Innovation: why it’s so damn hard and what to do about it.
What’s obvious is this: it’s a rapidly changing world and businesses have to change accordingly. And yet change does not come naturally to most businesses.
‘In many respects, innovation is seen as the opposite of efficiency, because it is not routine and has unpredictable outcomes,’ argues Ajaz Ahmed in “Velocity: The Seven New Laws for a World Gone Digital”. ‘This can create an environment in which there is no investment into future revenue streams because of the short-term impact on margins. As a result, the established business becomes resistant to innovation because it feels threatened by it, creating forces that actively discourage new thinking.’
I have seen this myself far too many times.
In his latest book, Clayton M Christensen, professor of business administration at Harvard Business School, says that every time an executive in an established company needs to make an investment decision, there are two choices on the menu. The first is to use whatever already exists – it’s cheap and, besides, the team already has its hands full doing its current job . The second is to bear the higher cost and effort of making something completely new.
It’s understandable that the low-cost, low-effort and apparently low-risk options almost always win, with innovation being suffocated as a result. However, as Christensen observes, in an environment of change and competition, companies taking the easy route often end up paying dearly for it – because they lose their competitiveness. Compare and contrast this approach with that of Google, where engineers are allowed to spend one-fifth of their time on their own projects. Perhaps the real risk is in not taking the risk that innovation entails.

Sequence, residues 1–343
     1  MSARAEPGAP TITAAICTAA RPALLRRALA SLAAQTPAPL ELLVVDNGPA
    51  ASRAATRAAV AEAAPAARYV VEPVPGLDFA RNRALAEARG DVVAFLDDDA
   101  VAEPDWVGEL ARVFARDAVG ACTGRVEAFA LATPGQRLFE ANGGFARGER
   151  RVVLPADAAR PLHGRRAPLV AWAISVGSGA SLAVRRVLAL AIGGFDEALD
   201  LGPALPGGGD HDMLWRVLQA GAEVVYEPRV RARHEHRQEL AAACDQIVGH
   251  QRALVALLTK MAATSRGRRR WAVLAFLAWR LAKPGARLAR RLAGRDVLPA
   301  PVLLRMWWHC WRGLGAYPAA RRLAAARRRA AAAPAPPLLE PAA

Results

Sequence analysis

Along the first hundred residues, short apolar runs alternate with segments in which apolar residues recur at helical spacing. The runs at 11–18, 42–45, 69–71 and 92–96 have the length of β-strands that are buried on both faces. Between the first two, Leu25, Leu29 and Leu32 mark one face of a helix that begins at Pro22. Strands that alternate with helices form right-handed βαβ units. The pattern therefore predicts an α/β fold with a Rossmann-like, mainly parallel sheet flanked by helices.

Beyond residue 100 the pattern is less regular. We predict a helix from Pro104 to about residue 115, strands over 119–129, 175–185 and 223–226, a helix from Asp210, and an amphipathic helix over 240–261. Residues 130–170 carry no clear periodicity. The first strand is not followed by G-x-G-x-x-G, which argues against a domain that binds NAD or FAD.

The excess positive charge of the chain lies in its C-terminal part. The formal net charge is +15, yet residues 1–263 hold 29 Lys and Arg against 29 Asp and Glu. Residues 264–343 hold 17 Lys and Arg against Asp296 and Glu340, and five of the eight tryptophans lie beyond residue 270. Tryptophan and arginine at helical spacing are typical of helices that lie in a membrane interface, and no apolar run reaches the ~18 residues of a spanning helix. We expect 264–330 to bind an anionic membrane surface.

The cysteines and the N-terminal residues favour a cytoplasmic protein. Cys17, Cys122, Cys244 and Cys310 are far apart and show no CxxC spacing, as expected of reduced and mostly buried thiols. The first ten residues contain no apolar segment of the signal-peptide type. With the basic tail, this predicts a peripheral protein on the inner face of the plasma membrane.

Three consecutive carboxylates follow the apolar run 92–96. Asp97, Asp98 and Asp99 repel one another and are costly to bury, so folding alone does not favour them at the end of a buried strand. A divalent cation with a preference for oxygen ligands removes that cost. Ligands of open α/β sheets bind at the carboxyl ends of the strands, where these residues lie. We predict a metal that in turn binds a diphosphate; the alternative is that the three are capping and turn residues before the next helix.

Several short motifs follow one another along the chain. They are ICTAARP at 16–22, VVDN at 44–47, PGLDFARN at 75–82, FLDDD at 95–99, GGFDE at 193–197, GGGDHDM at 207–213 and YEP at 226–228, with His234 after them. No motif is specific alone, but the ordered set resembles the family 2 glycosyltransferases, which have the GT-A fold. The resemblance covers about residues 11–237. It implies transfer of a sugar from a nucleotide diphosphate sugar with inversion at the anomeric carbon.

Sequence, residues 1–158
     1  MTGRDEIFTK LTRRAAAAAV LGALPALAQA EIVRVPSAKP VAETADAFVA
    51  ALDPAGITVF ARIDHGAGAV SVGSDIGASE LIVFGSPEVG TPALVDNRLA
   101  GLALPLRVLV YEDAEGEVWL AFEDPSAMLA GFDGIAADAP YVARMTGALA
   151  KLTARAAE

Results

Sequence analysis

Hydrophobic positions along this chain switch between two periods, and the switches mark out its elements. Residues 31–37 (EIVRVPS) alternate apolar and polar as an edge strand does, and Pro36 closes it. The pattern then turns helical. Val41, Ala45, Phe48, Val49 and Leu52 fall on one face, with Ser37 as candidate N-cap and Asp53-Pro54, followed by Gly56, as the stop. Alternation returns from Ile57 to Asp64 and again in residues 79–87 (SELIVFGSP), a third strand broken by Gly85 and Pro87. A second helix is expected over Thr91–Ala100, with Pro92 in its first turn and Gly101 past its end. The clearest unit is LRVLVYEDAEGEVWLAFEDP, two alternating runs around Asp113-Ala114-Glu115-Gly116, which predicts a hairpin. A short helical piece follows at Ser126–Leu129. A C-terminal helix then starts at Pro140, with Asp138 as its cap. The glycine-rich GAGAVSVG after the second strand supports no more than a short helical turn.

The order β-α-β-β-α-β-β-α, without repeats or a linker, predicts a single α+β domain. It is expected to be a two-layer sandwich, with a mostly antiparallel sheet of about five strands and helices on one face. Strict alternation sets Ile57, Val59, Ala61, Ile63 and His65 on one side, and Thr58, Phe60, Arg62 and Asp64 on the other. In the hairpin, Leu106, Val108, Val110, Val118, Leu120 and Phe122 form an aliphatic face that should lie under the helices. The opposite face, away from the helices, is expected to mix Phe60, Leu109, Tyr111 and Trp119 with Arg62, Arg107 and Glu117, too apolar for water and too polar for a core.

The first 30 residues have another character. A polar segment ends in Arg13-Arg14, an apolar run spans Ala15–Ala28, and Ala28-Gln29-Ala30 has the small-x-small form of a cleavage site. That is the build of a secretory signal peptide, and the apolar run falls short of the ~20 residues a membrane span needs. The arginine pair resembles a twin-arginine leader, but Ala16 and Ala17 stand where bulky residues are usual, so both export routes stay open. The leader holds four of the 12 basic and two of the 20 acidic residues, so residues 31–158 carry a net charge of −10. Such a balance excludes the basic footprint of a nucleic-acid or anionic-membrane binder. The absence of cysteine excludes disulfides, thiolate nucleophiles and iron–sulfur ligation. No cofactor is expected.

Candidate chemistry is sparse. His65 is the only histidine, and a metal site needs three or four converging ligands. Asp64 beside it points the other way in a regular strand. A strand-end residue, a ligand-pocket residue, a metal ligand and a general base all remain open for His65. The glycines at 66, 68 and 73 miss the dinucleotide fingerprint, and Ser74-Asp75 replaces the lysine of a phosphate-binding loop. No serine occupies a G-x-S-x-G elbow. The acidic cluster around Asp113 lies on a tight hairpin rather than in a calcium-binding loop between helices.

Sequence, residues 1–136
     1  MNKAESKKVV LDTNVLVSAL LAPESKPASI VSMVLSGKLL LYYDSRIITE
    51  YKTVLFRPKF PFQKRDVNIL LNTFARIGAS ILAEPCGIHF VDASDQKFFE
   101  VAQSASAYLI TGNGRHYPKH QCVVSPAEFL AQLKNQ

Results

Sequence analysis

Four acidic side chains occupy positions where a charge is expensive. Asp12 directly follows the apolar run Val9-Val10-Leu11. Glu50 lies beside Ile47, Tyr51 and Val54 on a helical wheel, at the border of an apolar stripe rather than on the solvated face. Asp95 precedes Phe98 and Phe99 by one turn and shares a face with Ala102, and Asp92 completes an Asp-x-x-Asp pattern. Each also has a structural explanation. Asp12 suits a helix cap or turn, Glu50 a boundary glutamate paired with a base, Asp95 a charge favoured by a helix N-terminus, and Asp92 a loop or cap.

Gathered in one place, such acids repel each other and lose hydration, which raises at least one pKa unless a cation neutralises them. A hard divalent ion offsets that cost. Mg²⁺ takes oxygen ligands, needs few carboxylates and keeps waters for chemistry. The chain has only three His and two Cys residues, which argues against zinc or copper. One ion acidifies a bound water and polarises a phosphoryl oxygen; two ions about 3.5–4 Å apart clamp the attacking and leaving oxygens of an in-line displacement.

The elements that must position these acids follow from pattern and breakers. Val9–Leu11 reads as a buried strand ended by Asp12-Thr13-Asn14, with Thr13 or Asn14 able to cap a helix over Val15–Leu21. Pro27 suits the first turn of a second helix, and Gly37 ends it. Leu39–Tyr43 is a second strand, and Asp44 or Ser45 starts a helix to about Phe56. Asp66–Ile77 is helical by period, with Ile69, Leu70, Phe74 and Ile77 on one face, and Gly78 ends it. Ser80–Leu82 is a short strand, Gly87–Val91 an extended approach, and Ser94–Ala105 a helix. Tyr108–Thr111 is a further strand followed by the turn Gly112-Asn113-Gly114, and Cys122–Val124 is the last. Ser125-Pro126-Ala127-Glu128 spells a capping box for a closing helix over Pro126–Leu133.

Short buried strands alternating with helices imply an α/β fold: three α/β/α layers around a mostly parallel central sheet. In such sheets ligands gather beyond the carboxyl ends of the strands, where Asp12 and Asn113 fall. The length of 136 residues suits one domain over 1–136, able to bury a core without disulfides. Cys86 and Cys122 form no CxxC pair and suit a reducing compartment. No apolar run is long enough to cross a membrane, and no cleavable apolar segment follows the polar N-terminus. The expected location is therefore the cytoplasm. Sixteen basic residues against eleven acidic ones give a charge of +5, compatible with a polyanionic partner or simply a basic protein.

Now the economic downturn has become the new reality, it’s time for corporations to stop using it as a catch-all excuse for lack of investment. The recession isn’t going anywhere fast in 2013 and those brands that continue to hope that their business will ‘bounce back’ on the basis of an increasingly elusive economic recovery stand little chance of survival.
Innovation today may require a structural loosening-up. In “Adapt: Why Success Always Starts with Failure”, economist Tim Harford writes that many corporations persist with a level of centralisation created for an era dominated by logistics and scale, which becomes an anchor in an era dominated by innovation and creativity. This is particularly true in marketing, where global marketing arrangements deny local markets the ability to engage with local suppliers to drive fast and adaptive innovation.
Businesses must accept risk as a necessary part of success and cannot let a challenging business environment reduce their stomach for failure. To paraphrase Shakespeare, it is better to have tried to innovate and failed that not to have innovated at all.
- 2013 Innovation Resolution: Make Mistakes (customerthink.com)
- Harvard Business: Innovate by Looking for Problem Patterns (blogs.hbr.org)
- The Culture of Innovation (gabrielcatalano.com)
- Downsides to Failure Tolerance (growthology.org)
- Enough with the ‘Innovation’: just try being better (mumbrella.com.au)
- How to Develop a Culture of Innovation (business.time.com)
- Ten things businesses should know about what innovation is and isn’t (futurelab.net)